- The Washington Times - Thursday, October 3, 2002

An announcement by the Rockefeller Foundation that it is donating $75,000 toward preserving a large holding of novelist Ernest Hemingway's papers at his home in Cuba has revealed that American scholars have been given access to the valuable trove for the first time.
Mr. Hemingway spent the last 21 years of his life at Finca Vigia ("Lookout Farm"), his unpretentious estate near Havana, and wrote some of his most admired works there, including "The Old Man and the Sea," "For Whom the Bell Tolls" and his final memoir, "A Moveable Feast."
He was driven from Cuba in 1960 by Fidel Castro's communist revolution.
After the writer committed suicide in 1961 at his new home in Idaho, the Castro government allowed his widow, Mary, to remove just a fraction of his papers from Finca Vigia, which tourists were later allowed to visit but not enter. Most of the files and trunks that contained the papers have been kept in the damp, earthen-floored basement.
The Rockefeller Foundation came forward with its grant this week after a group of interested Hemingway scholars headed by Jenny Phillips, a granddaughter of Hemingway's editor, Maxwell Perkins, and helped by a Massachusetts congressman persuaded Cuban officials to give them access to the papers for the purpose of preserving and microfilming them.
Details of their plans are expected to be announced formally next month.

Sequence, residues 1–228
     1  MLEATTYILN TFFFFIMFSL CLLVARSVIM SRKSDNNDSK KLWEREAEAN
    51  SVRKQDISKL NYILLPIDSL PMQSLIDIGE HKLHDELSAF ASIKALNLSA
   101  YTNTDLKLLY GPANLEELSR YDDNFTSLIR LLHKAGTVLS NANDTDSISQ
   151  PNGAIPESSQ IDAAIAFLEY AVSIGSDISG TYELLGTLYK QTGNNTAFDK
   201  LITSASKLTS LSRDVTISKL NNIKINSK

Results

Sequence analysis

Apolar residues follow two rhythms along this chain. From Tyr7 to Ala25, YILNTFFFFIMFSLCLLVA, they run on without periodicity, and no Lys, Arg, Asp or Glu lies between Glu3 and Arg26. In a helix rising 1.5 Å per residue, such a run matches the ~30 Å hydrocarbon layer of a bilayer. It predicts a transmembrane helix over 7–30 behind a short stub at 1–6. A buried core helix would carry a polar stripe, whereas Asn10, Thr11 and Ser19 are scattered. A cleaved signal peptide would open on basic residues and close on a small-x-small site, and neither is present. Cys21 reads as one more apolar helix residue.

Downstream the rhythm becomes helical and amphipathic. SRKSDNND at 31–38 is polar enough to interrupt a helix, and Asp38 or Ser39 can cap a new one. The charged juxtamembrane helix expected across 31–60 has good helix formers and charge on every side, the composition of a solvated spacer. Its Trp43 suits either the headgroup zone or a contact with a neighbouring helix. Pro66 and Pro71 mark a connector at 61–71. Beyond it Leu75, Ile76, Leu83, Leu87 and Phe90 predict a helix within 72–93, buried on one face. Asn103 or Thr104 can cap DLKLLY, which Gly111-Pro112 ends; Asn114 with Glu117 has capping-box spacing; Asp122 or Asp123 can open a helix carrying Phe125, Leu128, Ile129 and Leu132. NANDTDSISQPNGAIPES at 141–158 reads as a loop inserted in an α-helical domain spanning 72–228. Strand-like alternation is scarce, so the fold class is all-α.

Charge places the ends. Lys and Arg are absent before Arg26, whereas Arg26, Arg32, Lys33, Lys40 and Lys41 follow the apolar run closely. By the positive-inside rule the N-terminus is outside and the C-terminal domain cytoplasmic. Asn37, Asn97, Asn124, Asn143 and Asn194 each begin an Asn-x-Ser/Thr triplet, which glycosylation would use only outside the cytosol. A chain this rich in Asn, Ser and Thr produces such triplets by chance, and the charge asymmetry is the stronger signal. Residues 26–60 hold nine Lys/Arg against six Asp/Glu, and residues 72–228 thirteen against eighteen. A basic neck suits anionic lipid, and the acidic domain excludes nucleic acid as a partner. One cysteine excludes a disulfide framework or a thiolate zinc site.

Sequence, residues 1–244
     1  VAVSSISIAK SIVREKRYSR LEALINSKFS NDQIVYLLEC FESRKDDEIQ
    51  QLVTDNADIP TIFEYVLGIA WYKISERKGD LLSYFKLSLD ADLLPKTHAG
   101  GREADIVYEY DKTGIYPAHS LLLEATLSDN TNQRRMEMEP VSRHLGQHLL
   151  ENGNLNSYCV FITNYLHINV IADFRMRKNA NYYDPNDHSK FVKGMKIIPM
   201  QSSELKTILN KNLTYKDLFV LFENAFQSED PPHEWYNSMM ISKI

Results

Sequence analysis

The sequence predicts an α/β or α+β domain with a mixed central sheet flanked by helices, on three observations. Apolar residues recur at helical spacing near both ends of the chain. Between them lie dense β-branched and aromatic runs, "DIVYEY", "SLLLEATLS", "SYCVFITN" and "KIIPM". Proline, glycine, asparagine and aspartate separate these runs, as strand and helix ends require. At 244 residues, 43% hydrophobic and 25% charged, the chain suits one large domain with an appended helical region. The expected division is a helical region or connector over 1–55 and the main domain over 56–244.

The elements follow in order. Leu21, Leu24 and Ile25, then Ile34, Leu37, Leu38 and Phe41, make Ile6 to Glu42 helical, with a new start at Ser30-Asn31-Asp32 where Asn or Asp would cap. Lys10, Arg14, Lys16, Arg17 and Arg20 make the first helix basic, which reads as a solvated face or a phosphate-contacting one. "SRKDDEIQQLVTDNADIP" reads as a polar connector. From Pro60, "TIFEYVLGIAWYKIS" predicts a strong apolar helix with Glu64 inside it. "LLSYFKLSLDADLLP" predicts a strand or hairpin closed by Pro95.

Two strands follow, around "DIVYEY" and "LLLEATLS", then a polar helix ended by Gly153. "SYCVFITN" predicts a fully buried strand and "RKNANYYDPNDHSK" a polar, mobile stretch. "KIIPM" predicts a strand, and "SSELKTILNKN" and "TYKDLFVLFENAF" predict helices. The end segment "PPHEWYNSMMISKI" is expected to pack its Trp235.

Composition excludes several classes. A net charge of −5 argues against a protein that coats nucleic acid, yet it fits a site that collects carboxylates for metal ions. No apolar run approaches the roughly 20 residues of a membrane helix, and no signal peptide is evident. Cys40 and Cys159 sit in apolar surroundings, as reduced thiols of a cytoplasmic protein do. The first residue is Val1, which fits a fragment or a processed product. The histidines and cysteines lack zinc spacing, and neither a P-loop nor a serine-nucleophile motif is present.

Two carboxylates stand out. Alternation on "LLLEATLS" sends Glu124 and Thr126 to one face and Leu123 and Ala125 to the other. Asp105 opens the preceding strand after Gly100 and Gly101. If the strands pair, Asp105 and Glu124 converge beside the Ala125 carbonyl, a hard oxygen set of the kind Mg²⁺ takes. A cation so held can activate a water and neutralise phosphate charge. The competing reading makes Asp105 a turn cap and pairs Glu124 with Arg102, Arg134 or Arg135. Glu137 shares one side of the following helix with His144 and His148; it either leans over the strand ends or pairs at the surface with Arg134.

Sources at the Rockefeller Foundation told United Press International that Cuba will not allow the papers to be removed to the United States but has agreed to microfilming an electronic library of them for deposit at the John Fitzgerald Kennedy Library in Boston.
The library already has a modest Hemingway archive donated by Mrs. Hemingway.
Scholars and preservation experts are expected to begin work on the papers in Cuba in the near future.
Stephen Plotkin, a former curator at the Kennedy Library, has described the deterioration of the papers and damage by insects and rodents as "an archival emergency" despite the efforts of Cuban curators to preserve them with the minimal resources available.
A major figure in negotiating with the Cuban government has been Rep. Jim McGovern, a Massachusetts Democrat who was approached by Miss Phillips to broach the subject of the papers' future in Cuba because of his advocacy of normalizing political relations with the Castro government.
It took the congressman a year to negotiate a deal whereby the papers would remain in Cuba but the microfilms could go to the United States. An initial agreement was signed last January, and in March, Miss Phillips visited the house with A. Scott Berg, a Pulitzer Prize-winning biographer who wrote a biography of her grandfather and is an expert on Mr. Hemingway.
Mr. Berg reported that he saw such material as fragments of never-finished stories, early drafts and annotated galleys of published works, letters from such personalities as poet Ezra Pound and Countess Adriana Ivancich, the model for his heroine in "Over the River and Into the Trees," memos to Mary Hemingway voicing concerns about their marriage, notes to servants, and recipes for his favorite dishes.
A screenplay for "The Old Man and the Sea" bears Mr. Hemingway's written suggestions for revisions.
"I think I've read all the biographies of Hemingway, and I've never had a complete sense of him until I smelled this house and saw some of these things," Mr. Berg said in an interview at the time. "This is what has been missing on Hemingway. This is the stuff that makes him come alive."
He estimated Finca Vigia contains 3,000 letters and documents; 3,000 photographs, including some taken by Mr. Hemingway's friend Frank Capa during the Spanish Civil War; and 9,000 books, many with Mr. Hemingway's comments written in the margins.

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